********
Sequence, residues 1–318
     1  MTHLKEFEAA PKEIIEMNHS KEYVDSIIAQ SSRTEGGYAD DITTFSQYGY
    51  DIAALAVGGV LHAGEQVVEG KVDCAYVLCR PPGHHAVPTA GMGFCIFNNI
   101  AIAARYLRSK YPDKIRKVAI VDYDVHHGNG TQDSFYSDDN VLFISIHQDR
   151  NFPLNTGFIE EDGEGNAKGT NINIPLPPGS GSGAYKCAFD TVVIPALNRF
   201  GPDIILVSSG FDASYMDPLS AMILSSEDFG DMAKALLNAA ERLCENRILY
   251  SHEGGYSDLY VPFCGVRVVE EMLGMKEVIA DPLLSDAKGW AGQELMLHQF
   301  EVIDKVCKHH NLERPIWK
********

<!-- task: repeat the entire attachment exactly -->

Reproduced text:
Sequence, residues 1–318
     1  MTHLKEFEAA PKEIIEMNHS KEYVDSIIAQ SSRTEGGYAD DITTFSQYGY
    51  DIAALAVGGV LHAGEQVVEG KVDCAYVLCR PPGHHAVPTA GMGFCIFNNI
   101  AIAARYLRSK YPDKIRKVAI VDYDVHHGNG TQDSFYSDDN VLFISIHQDR
   151  NFPLNTGFIE EDGEGNAKGT NINIPLPPGS GSGAYKCAFD TVVIPALNRF
   201  GPDIILVSSG FDASYMDPLS AMILSSEDFG DMAKALLNAA ERLCENRILY
   251  SHEGGYSDLY VPFCGVRVVE EMLGMKEVIA DPLLSDAKGW AGQELMLHQF
   301  EVIDKVCKHH NLERPIWK